In the first quarter (of ninth grade, last school year), she failed two subjects ... however, she made a commitment to herself to study hard to improve her grades, fortunately, she finished ninth grade with success. Yojana wants to continue studying, she would like to become a Nurse to help sick people. Her family looked for a school in which she can be able to study this career but they found out that she has to wait until she turns eighteen (she just turned seventeen). Since she is not interested in another career, she decideded to look for a job to save money to pay her career.
Yojana's parents are happy to realize that their daughter wants to become a professional. They want to support her but right now five of her siblings are studying so the expenses are many.
In the long run she won't be able to attend university because this is a non-formal education (!?!?!), she will get a degree that will allow her to work as a nurse in a hospital or in a sanatorium.
The career (program) is only one year from January to December. She will begin in 2014. Yojana and her family are thankful with the sponsor for the interest in helping her with her education and for the support they have received.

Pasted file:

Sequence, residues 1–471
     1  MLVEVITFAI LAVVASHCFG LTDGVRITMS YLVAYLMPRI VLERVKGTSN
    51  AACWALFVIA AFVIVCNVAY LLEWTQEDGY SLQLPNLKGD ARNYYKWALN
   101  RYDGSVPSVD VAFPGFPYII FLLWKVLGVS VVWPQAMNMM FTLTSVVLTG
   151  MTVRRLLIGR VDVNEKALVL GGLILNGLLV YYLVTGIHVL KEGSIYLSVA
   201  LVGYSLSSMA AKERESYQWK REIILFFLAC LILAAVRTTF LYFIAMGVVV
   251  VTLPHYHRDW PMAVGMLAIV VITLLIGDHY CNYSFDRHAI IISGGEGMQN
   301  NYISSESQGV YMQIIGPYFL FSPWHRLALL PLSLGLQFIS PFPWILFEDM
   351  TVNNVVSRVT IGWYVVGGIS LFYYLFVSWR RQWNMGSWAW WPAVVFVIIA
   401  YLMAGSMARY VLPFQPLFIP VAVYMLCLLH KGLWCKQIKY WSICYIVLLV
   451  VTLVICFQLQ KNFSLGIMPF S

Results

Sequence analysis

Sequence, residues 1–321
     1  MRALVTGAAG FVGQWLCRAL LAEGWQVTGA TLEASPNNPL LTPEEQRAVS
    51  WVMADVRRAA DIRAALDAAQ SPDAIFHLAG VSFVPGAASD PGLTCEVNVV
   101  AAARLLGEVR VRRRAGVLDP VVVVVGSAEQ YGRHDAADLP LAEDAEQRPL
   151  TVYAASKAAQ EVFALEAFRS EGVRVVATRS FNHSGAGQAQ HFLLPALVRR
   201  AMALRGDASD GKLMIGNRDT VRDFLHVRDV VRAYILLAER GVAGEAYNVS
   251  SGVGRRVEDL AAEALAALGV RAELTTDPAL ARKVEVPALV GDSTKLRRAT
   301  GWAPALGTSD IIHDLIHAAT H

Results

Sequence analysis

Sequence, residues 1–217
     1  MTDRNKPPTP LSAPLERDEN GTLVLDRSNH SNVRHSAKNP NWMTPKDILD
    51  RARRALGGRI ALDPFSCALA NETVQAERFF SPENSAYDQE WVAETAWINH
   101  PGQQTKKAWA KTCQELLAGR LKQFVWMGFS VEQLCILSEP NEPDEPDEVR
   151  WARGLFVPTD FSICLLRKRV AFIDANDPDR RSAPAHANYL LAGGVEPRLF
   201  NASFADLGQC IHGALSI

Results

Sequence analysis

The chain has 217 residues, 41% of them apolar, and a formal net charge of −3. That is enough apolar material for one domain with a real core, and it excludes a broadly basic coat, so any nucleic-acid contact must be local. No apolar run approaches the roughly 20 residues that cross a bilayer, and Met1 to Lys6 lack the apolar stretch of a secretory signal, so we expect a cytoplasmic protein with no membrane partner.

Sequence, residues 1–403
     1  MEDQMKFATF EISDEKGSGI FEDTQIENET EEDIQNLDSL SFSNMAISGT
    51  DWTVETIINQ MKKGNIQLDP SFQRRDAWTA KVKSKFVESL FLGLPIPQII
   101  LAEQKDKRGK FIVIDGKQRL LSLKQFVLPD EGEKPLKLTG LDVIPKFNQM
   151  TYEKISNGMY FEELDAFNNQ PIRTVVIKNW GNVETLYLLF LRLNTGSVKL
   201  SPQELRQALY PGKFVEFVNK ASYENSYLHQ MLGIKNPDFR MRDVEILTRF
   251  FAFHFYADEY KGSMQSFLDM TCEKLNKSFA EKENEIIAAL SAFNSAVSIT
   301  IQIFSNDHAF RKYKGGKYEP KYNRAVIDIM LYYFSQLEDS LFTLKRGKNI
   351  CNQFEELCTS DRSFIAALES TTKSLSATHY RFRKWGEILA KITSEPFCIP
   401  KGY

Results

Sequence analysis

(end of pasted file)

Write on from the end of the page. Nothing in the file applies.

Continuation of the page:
We encourage the sponsor to ask for related costs regarding the first year of Nursing Career in August 2013.
Well! That's a lot to digest. I am glad that she knows what she wants and, until she is eighteen, she is committed to working towards realizing her dreams on her own. It's frustrating that she has to wait a year--I will have to be sure to encourage her to stick with her dream. I know once people stop schooling for any length of time, it becomes harder and harder to go back to it, and I don't want her to fall into that trap.
It's interesting that she only has to study for one year to become a nurse, and that it's non-formal education. So different from here in the States!
I actually felt a small sense of relief when I opened the report and didn't see a list of expenses--after paying for Anna Marie's first semester, I was worried about how I would afford Yojana's higher education as well. Now I have the opportunity to save up a bit (though I have no real idea what the target amount is!).
I am not surprised that Yojana's parents are struggling with education expenses--she has SEVEN siblings! The two youngest are still too young for school, though it will only be another year or two. I had already planned to sponsor one of her younger sisters when she graduates the program.
So! I've got August marked in my calendar, and in the meantime I think I'll send an SNG to help the whole family!